UN: Aventis Accused of Breaking Global Compact
UNITED NATIONS -- Consumer and agricultural watchdog groups yesterday accused a multinational corporation that produces genetically modified foods of failing to uphold a UN code of business conduct to which it had agreed.
The advocates called on the United Nations to consider ejecting the company, Strasbourg-based Aventis S.A., from its Global Compact - a group of corporations that pledged to abide by human rights and environmental norms less than a year ago.
The company makes genetically modified StarLink corn, which has been approved only for animal use but turned up last year in human foods, including taco shells. The discovery prompted a massive recall of corn-related products and touched off fears
about human health hazards.
"This company is in clear violation." said Gabrielle Flora of the Minnesota-based Institute for Agriculture and Food Policy, arguing the company failed to abide by the UN's environmental standards. "This erodes the credibility of the United Nations."
But UN officials said the Global Compact is a "learning forum" aimed at helping companies better their business practices - not a rigid set of guidelines.
"We've always made it clear that the Global Compact is not about assessing
companies or their performances," said Georg Kell, who oversees the issue for UN Secretary General Kofi Annan. The compact consists of nine principles that companies pledge to uphold.
Speaking on condition of anonymity, a corporate official for Aventis CropScience, the subsidiary that made StarLink, noted that the majority of tainted corn came from its 1999 crop - before the company had signed the UN standards. StarLink corn has since been voluntarily withdrawn.
Yesterday's report by the Institute for Agriculture and Food Policy - posted by CorpWatch, a non-governmental association, on its Web site - revived questions raised by advocacy groups about the Global Compact. Some groups lobbied against the program, arguing it would give business undue influence over the United
Nations. But Annan and his staff have said it is a way to make corporations more responsible.
Under the compact, corporations are expected to report their compliance with its principles - or non-compliance - by this summer. Labor and advocacy groups will help review each submission, UN officials said.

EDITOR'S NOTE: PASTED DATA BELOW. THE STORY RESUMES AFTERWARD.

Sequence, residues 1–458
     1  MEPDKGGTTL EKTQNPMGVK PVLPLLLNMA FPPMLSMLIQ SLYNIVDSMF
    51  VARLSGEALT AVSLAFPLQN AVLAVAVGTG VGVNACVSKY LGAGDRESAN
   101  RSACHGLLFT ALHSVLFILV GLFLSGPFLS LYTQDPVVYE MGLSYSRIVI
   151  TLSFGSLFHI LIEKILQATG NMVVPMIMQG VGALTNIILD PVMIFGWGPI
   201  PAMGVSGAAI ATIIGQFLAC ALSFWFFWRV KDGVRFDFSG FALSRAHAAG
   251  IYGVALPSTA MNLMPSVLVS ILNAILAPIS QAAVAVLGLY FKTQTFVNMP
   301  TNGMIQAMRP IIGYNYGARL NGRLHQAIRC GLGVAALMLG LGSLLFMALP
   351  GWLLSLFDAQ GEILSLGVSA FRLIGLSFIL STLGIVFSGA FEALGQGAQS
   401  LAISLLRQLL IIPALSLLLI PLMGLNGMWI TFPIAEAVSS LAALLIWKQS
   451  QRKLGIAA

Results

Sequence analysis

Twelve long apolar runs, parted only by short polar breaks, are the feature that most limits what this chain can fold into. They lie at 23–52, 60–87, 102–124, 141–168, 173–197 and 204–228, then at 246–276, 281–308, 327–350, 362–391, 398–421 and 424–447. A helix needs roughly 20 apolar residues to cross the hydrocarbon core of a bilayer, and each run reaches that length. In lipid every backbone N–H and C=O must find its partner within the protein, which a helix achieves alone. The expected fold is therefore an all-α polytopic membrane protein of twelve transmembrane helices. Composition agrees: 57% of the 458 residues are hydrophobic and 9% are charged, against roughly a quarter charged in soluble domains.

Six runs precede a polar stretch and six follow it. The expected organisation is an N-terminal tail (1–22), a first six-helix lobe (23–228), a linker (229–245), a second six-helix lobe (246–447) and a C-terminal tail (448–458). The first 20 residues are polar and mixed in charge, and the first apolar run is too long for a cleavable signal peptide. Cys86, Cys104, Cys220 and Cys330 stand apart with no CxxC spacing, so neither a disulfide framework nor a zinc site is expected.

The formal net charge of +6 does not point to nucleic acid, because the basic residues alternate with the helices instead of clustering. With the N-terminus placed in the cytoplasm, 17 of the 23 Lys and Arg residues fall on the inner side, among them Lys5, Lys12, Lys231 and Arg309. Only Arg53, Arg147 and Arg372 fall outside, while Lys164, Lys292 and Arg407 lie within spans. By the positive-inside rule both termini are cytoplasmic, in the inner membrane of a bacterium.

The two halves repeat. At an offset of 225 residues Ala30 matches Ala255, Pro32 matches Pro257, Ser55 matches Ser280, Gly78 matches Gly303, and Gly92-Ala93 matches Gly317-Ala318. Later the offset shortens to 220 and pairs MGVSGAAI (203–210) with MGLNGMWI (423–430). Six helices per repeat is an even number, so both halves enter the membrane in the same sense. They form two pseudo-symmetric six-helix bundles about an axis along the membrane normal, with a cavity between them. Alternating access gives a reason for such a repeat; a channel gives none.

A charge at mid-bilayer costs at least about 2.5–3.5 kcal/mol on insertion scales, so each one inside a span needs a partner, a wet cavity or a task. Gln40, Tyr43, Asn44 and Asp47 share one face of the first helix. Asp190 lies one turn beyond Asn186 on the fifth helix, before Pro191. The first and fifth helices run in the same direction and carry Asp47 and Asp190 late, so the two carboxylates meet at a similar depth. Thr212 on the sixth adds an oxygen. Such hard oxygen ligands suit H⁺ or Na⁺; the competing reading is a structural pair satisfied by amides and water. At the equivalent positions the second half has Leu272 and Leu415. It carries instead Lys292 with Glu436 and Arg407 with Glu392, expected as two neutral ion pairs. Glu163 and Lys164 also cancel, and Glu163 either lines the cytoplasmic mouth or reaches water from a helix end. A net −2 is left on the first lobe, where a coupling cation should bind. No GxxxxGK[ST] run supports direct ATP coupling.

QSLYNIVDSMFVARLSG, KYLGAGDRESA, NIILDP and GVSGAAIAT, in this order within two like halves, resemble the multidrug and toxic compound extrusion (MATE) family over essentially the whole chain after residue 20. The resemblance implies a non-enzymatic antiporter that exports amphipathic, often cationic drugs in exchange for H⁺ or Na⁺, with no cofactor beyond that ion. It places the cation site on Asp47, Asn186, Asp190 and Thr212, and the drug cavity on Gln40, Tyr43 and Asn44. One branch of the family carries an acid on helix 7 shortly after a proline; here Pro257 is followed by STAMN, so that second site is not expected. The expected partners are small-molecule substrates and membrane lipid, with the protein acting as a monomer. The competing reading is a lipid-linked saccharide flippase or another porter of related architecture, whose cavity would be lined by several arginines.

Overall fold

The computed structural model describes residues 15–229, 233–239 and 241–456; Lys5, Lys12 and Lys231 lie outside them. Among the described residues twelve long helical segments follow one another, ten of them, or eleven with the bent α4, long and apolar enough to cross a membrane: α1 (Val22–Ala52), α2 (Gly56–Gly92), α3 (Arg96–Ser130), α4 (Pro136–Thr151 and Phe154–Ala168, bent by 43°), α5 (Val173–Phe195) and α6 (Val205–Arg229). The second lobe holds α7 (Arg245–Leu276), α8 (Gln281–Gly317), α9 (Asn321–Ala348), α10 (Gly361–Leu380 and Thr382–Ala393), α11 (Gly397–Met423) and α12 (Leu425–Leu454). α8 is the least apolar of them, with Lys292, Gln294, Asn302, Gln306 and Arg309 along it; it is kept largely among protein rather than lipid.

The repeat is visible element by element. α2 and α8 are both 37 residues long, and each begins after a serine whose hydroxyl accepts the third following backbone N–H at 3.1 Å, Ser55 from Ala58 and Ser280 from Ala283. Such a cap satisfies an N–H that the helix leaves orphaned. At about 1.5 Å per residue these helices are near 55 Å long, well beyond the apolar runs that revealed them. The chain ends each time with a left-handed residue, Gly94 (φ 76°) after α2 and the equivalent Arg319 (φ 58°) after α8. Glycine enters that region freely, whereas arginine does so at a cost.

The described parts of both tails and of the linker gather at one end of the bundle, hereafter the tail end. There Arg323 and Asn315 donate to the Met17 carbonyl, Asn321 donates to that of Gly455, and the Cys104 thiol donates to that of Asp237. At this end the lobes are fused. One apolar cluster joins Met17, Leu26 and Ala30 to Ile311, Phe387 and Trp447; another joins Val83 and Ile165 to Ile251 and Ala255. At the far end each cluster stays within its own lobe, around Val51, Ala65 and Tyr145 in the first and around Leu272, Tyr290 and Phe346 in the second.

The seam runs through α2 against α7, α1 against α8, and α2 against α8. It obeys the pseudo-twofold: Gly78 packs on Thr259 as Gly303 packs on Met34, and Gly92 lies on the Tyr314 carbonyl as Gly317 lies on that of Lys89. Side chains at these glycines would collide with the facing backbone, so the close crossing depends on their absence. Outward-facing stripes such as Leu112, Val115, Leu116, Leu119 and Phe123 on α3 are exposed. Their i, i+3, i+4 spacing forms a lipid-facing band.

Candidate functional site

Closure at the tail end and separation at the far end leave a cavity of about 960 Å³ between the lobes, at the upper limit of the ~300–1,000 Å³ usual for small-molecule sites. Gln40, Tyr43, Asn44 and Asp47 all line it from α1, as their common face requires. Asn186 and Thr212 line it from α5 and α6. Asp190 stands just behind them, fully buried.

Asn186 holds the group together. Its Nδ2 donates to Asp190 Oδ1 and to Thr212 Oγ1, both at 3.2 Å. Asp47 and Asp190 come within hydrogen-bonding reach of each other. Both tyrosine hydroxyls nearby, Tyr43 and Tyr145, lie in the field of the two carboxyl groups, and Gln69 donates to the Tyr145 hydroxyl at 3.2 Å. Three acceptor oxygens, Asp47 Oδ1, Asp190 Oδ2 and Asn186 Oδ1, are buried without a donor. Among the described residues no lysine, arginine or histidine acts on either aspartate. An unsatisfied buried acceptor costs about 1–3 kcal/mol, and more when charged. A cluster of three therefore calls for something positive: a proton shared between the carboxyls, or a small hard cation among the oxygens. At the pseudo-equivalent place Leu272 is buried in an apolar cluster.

Indeed, give-and-take on whether each company is complying with the norms is the whole idea of the program, advocates say.
"If companies sign up, they know they are going to be subject to public criticism," said William H. Luers, head of the United Nations Association of the United States. But he noted measures would have to be established to deal with companies that consistently violate the compact's principles.
The watchdog groups accused Aventis of failing to uphold Principle 7, which calls for a "precautionary approach to environmental challenges." They charged that the company, in its rush to sell the product, failed to fully analyze its environmental impact.
The genetically modified corn, which contains protein-producing bacteria that kill the corn borer, has been suspected of touching off serious allergic reactions. However, the Centers for Disease Control and the Food and Drug Administration said
yesterday that tests of people believed to be affected had revealed no evidence of allergic reactions.
The tests will be used by the Environmental Protection Agency to decide if small amounts of StarLink will be allowed in human food.
The advocacy groups also charged that Aventis had not fully informed farmers of the risks of the corn seed and had not recalled all the tainted corn, in violation of UN principles.
But a company official said that it was able to call back nearly all of the 2000 crop. Of 6 million bushels, all but 40,000 were located, the official said.
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